Although not all documents that are a part of Calvary Church vs. Robert Duncan, et al., are available on the Web, many are. Some time ago, however, they were made more difficult to find. In particular, one needs to know the specific case number of the litigation to access a complete list of available documents. That case number for the Calvary litigation is GD-03-020941. This number has to be entered at the top of the Select CaseID page. Upon clicking the OK button at the bottom of the page, visitors are taken to the page about the Calvary lawsuit that has links to documents under the heading “Docket Entries.” Most of the documents are PDFs from scanned paper documents, which is why, in my blog posts, I have usually linked to PDFs generated from such documents by the OCR function of Adobe Acrobat.
Well, so much for that little housekeeping digression. On to substance.
One filing I did not mention earlier was from the plaintiffs, as it is short and unremarkable. Titled “Consent to Intervention by The Episcopal Church” and filed April 16, 2009, the three-page document makes the unsurprising statement that the plaintiffs have no objection to the entry into the case of The Episcopal Church. In fact, of course, they welcome it. You can read the document here.
The other new documents were all filed April 21, 2009. Three are motions dated April 14, 2009, along with corresponding orders signed by Judge Joseph James on April 17, 2009. They seek to admit each of three attorneys to the case as lawyers representing The Episcopal Church. (The motions seek to admit the attorneys pro hac vice, which is to say, to admit them to represent a client in a jurisdiction in which they are not licensed to practice. Attorneys for the defendants had argued against allowing The Episcopal Church to enter the case.) The attorneys are David Booth Beers, Soyong Cho, and Mary Kostel, all of the Washington law firm Goodwin Proctor LLP. Beers, of course, is the Presiding Bishop’s chancellor. Kostel is chancellor of the Diocese of Washington and special counsel to the Presiding Bishop for property litigation and discipline. (You can read the motions and orders here for Beers, Cho, and Kostel.)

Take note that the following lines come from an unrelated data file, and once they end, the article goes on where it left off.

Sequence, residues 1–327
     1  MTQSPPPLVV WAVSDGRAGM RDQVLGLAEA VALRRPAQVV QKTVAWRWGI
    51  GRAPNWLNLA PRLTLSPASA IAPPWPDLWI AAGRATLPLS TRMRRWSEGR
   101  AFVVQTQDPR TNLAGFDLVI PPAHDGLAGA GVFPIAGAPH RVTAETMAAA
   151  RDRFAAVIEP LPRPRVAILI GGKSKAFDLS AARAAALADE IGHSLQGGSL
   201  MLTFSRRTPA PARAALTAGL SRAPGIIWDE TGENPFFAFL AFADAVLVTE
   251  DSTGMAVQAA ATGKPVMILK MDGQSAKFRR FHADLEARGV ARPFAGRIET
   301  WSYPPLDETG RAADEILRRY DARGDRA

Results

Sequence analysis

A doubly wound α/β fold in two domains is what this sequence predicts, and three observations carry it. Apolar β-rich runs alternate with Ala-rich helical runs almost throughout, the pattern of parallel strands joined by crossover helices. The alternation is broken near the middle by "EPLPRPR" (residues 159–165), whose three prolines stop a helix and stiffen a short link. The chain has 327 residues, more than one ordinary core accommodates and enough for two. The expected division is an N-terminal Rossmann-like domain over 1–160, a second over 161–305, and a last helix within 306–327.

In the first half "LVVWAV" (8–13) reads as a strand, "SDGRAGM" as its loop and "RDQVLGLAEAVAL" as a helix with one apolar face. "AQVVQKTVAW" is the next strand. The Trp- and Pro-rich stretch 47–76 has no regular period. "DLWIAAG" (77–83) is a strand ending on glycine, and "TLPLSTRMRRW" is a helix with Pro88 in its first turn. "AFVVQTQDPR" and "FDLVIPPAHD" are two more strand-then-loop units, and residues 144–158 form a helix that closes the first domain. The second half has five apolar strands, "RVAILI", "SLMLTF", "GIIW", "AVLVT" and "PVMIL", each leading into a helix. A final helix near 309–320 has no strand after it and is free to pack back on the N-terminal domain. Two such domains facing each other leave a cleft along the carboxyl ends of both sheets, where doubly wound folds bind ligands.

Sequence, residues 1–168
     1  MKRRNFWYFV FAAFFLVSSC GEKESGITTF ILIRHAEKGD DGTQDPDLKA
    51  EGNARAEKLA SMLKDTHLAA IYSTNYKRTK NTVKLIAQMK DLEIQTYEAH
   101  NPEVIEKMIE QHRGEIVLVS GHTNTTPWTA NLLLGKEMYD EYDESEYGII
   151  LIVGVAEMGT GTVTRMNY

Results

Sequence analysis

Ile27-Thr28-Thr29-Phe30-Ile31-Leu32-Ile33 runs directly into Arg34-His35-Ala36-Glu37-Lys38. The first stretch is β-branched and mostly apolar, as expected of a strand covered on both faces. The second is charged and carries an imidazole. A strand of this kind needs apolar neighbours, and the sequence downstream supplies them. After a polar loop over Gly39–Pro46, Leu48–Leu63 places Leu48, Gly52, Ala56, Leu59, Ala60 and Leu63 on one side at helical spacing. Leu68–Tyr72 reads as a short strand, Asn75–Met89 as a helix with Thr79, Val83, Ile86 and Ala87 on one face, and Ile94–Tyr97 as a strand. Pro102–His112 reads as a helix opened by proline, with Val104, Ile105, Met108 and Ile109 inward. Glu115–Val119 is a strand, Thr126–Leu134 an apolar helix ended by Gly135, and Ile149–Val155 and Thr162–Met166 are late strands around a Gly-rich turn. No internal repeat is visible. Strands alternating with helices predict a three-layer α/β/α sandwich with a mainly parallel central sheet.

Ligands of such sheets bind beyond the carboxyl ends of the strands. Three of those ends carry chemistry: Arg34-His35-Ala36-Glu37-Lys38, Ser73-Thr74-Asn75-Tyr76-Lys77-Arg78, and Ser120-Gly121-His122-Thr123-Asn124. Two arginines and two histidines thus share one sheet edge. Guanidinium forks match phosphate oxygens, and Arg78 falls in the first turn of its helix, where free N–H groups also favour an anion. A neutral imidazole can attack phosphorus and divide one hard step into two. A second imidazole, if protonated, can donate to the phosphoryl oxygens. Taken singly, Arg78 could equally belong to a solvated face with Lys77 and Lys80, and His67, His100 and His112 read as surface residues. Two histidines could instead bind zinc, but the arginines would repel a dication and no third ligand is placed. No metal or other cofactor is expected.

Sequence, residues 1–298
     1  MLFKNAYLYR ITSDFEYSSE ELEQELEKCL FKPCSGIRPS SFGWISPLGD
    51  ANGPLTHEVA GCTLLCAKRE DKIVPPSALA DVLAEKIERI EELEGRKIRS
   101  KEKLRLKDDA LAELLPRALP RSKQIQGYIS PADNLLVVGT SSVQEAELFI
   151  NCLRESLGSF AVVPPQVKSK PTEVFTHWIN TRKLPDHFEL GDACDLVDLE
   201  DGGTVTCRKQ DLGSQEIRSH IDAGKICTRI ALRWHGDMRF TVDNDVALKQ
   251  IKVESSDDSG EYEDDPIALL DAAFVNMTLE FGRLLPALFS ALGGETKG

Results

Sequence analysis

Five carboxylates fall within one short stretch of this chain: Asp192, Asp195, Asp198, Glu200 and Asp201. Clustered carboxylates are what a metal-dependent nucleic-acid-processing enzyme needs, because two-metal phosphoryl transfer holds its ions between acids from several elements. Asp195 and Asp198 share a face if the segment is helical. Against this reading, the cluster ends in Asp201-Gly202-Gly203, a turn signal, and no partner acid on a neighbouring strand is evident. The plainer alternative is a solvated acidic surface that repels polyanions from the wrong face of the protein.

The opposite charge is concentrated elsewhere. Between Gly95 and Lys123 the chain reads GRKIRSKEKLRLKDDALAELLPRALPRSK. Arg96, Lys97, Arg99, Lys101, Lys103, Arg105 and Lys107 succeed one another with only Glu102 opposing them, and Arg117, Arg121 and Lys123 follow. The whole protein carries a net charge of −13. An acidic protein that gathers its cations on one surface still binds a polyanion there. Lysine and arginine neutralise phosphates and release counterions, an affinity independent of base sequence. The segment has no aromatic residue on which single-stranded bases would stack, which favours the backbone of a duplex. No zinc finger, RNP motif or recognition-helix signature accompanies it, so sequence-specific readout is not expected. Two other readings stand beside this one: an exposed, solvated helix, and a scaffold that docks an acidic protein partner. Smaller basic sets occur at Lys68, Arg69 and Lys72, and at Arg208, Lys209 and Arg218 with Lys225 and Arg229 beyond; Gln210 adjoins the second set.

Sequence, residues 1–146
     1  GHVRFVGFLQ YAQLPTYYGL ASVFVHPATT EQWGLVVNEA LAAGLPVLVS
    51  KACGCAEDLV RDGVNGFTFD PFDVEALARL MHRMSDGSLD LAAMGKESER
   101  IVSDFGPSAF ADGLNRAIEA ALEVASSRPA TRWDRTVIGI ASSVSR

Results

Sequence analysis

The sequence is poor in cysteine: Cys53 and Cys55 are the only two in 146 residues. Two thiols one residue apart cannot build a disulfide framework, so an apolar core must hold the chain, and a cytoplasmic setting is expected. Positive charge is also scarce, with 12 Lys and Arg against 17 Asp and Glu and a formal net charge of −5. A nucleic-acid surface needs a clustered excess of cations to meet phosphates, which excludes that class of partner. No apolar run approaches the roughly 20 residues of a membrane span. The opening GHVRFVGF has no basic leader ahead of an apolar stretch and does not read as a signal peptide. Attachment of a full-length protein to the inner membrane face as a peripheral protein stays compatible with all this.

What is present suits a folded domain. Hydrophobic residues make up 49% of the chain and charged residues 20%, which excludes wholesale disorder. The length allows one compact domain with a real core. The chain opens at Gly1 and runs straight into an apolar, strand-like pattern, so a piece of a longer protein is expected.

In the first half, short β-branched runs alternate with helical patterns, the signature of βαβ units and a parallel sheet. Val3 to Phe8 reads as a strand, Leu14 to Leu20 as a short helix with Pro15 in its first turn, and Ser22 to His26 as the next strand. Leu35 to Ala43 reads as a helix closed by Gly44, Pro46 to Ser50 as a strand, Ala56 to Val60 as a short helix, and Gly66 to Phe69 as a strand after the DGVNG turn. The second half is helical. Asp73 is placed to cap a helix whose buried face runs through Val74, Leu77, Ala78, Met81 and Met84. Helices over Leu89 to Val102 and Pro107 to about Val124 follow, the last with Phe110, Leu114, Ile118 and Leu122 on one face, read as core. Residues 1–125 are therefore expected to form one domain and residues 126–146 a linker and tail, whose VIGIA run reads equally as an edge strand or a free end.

The remaining documents reflect the court orders on which I reported earlier.
On January 9, 2009, plaintiffs asked the special master to deliver diocesan assets to the continuing Episcopal Church diocese in accordance with paragraph 1 of the October 2005 stipulation. The defense, not surprisingly, objected, filing “Motion to Strike Request to Special Master and Notice to Plead” on January 20, 2009. On April 17, Judge James signed the proposed order provided in that document, changing it significantly. That order reads:
AND NOW this 17th day of APR 2009, upon consideration of the Motion to Strike Request to Special Master and Notice to Plead, the said Motion isLikewise, defandants’ attempt to keep Diocese of Pittsburgh chancellor Andy Roman out of the case resulted in this order, modified from that proposed by the defendants:
GRANTED and it is ORDERED that the Request to Special Master and Notice to Plead are strikendenied.
AND NOW this 17th day of APR 2009, upon consideration of the Motion to Strike Praecipe for Entry of Appearance, the said Motion isAnd so we are now ready to determine if, as Calvary Church, et al., contend, the October 2005 stipulation has been violated by the defendants, requiring that diocesan assets be returned to representatives of The Episcopal Church.
GRANTED and it is ORDERED that the Praecipe for Entrance of Appearance of Andrew Roman on behalf of “The Episcopal Diocese of Pittsburgh of the Episcopal Church of the United States of America” is strikendenied.
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